“It’s sad,” she tells Ned, a few days later.

“Is it?”

“We should get him out,” Ellen says. “We should teach him hobbit-Spock-spider. You can rewire him for that, can’t you?”

“A hobbit-Spock-spider-playing robot?”

“Yes.”

“. . . ridiculous,” dismisses Ned. “It’s demeaning to Navvy Jim. Can you just see him there, in his robot voice, saying ‘Spock sings about hobbits?'”

“We could ask him.”

Ned swigs from a bottle unspecified in content. He looks up at the ceiling.

“Well, we can do that,” he allows.

So they go digging together in their old boxes from the 20s and they pull out the pieces. Ellen’s the first to find a good-sized chunk of Navvy Jim. It’s his hand and arm. She plays rock-paper-scissors with it as Ned hunts for the rest. And after a while Ned glances over and sees her playing and he snorts.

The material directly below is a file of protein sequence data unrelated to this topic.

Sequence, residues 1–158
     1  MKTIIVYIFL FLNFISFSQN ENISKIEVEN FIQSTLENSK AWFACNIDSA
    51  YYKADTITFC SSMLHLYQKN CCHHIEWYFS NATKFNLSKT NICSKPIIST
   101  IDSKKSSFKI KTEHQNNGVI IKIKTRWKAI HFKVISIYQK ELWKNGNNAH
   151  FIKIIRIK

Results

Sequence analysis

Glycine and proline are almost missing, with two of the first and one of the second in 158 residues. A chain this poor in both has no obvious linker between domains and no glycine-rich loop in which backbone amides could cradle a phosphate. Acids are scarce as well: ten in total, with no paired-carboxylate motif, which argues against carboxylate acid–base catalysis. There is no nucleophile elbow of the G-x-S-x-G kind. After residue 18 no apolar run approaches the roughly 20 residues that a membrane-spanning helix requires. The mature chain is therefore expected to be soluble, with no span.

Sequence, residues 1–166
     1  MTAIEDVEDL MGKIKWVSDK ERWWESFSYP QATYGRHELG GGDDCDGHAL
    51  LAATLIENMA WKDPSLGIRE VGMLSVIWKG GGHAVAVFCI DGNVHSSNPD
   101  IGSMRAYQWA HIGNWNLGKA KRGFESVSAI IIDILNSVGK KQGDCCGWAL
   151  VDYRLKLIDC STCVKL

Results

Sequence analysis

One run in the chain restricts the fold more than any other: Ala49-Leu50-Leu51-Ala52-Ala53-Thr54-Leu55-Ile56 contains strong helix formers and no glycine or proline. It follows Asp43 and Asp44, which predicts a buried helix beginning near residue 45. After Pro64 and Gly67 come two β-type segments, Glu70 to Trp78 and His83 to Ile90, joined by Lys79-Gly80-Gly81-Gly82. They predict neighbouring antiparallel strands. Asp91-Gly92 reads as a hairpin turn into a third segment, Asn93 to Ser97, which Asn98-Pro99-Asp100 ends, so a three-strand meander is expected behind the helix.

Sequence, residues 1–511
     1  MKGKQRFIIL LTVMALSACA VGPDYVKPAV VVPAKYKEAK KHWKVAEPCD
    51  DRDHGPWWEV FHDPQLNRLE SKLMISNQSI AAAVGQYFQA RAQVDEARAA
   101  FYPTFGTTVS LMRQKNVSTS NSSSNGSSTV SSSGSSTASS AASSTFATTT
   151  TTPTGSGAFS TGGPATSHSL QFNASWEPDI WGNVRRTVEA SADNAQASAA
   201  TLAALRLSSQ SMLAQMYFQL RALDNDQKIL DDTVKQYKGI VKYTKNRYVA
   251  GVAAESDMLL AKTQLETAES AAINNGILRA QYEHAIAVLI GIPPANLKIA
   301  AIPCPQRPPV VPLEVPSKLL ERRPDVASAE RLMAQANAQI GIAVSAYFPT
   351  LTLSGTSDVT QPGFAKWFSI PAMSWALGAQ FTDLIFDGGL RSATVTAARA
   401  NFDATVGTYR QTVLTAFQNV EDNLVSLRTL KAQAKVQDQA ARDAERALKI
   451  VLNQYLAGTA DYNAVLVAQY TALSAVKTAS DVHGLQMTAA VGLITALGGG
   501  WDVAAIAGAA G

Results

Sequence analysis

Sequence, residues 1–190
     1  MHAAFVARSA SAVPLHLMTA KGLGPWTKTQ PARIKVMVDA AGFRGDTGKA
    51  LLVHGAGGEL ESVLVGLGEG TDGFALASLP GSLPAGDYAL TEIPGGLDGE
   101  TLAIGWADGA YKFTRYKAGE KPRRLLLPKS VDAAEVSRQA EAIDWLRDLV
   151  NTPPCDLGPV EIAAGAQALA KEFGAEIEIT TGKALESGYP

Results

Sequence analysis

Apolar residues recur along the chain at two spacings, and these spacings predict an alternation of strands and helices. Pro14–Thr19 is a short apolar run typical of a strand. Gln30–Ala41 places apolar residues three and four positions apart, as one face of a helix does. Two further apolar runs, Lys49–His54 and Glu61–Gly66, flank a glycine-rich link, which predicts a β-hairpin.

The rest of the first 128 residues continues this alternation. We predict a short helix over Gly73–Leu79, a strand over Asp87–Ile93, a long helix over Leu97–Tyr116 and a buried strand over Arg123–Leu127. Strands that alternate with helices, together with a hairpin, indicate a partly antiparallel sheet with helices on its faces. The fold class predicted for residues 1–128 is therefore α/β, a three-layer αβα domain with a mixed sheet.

“Too young for them to really scare you, huh?” he asks.

“Huh?”

Ellen is distracted. She’s chewing hard on her lip. She’s thrown paper and the metal hand has creaked open into scissors.

“Too young,” says Ned. “I mean, the scissors. They don’t send a shudder down your spine.”

“Oh,” says Ellen. “No. Not really.”

“Geezers like me,” says Ned, “even knowing that’s Navvy Jim. That’s terrifying. So you should stick to rock while I’m around.”

Ellen counts to three under her breath and throws rock. The metal hand has creakily gone flat.

“How does he do that?”

“Do what?”

Ellen counts to three under her breath. The metal hand closes. Then she throws rock. At that same moment the hand opens.

“Win,” Ellen says.

“Predictive algorithms,” says Ned. “He’d generally set up the next few games in muscle memory so that nobody’d think he was cheating.”

Ellen shakes her head.

“That’s insane, Ned.”

“He got awfully good at it,” Ned admits, “as I recall. That’s the thing with adaptive robots. You never know which direction they’re going to go.”

Ellen throws rock. Navvy Jim’s arm throws paper.

“Look,” Ellen says, “he can’t do that.”